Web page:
Qantas announced on Wednesday the latest innovative offer to combat the closure of international borders by offering a series of flights. The plan is to operate on weekend three domestic mystery flights for traveller’s keen to enjoy unique experiences in Australia.
Seats on the Qantas Mystery Flight Experiences went on sale on Qantas.com at midday today. Thursday 4 March for travel in March, April, and May.
The all-inclusive fares, which include meals and alcoholic and non-alcoholic beverages, plus activities on the ground, are $737 for economy and $1,579 for business.
All three flights will operate with net-zero emissions, with 100 per cent of emissions carbon offset.
Qantas has evolved the concept and will offer three dedicated Boeing 737 mystery flight experiences that will include not just the flight, but an entire day of activities in a mystery destination – so all passengers need to do is book and turn up at the airport. All destinations are outside major capital cities.
Qantas last operated mystery flights in the 1990s when travellers would turn up at the airport and be allocated seats on a scheduled flight to any of the airline’s destinations, where they spent a day at their leisure before flying home.
The limited mystery flights will depart from Sydney, Brisbane and Melbourne to a destination within approximately two hours. All of the destinations are outside major capital cities.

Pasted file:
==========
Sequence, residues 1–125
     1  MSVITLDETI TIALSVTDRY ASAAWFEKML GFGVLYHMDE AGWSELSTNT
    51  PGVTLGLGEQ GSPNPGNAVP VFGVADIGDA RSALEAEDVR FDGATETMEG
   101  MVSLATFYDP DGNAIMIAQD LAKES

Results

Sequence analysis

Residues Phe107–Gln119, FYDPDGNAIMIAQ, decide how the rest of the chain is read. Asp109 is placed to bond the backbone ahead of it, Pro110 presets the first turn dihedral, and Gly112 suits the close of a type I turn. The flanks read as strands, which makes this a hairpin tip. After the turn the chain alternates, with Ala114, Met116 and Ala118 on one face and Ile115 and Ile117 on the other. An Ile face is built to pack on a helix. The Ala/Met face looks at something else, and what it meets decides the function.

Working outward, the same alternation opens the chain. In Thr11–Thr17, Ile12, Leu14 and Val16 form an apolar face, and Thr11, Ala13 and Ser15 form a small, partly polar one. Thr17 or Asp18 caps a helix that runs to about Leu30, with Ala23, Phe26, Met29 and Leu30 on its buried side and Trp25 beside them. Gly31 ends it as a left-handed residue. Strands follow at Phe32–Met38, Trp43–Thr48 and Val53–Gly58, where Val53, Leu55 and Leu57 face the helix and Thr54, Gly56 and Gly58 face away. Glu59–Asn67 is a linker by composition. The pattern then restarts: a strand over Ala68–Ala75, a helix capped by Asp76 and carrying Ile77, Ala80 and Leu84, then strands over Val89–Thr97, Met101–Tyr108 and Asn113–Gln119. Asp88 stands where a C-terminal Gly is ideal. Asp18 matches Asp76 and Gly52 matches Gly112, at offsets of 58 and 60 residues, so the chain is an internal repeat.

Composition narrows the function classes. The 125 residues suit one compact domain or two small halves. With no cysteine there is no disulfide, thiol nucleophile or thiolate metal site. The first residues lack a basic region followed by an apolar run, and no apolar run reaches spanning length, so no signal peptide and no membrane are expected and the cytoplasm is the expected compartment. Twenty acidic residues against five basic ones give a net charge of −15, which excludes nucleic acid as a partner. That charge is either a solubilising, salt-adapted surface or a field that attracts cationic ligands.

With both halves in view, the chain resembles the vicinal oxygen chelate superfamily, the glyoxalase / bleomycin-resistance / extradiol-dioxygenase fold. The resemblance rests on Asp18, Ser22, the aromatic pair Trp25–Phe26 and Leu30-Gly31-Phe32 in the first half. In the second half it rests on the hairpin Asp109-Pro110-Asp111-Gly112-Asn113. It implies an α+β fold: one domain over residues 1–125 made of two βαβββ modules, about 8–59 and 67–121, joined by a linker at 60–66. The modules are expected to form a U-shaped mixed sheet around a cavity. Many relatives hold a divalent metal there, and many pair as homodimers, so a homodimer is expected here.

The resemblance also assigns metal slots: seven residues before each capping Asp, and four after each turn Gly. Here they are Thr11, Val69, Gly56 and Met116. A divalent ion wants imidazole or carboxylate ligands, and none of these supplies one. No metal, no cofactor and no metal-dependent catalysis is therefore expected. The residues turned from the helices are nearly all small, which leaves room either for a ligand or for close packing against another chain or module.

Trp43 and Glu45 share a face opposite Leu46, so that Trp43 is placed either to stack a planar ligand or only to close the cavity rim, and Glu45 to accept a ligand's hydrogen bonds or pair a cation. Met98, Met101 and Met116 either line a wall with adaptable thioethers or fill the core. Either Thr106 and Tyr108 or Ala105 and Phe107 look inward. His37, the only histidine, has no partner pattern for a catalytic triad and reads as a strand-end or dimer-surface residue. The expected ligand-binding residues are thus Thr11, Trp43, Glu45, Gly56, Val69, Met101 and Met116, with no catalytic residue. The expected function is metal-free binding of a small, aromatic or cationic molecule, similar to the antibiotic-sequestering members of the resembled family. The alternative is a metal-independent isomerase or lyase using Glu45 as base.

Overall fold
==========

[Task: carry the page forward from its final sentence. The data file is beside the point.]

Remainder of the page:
As part of creating a unique onboard experience, the flights will include some low-level scenic flybys of key landmarks en route (subject to weather conditions and air traffic control).
According to Qantas, experiences on the ground could include anything from a winemaking course in a premier wine region to a gourmet lunch with musical entertainment on the shores of one of Australia’s tropical island wonders.
Customers will be provided with clues to ensure it is an appropriate outing for their areas of interest and to assist with whether to pack a snorkel or sneakers in their carry-on baggage.
Qantas Group Chief Customer Officer Stephanie Tully said the mystery flights were about giving Aussies memorable travel experiences and promoting domestic tourism.
“Our customers tell us that where they can and can’t travel within Australia has been a bit of a mystery lately,” she said.
“The vaccine rollout is bringing a lot more certainty and domestic border restrictions should soon be a thing of the past. In the meantime, these flights turn that mystery into a positive by creating a unique experience for the many people keen to start travelling again.
Qantas’ Mystery Flight Experiences follow its Flight to Nowhere (when domestic border closures were at their peak) and Flight to Somewhere (when initial reopening began last year), which proved extremely popular.
Edited by Joe Cusmano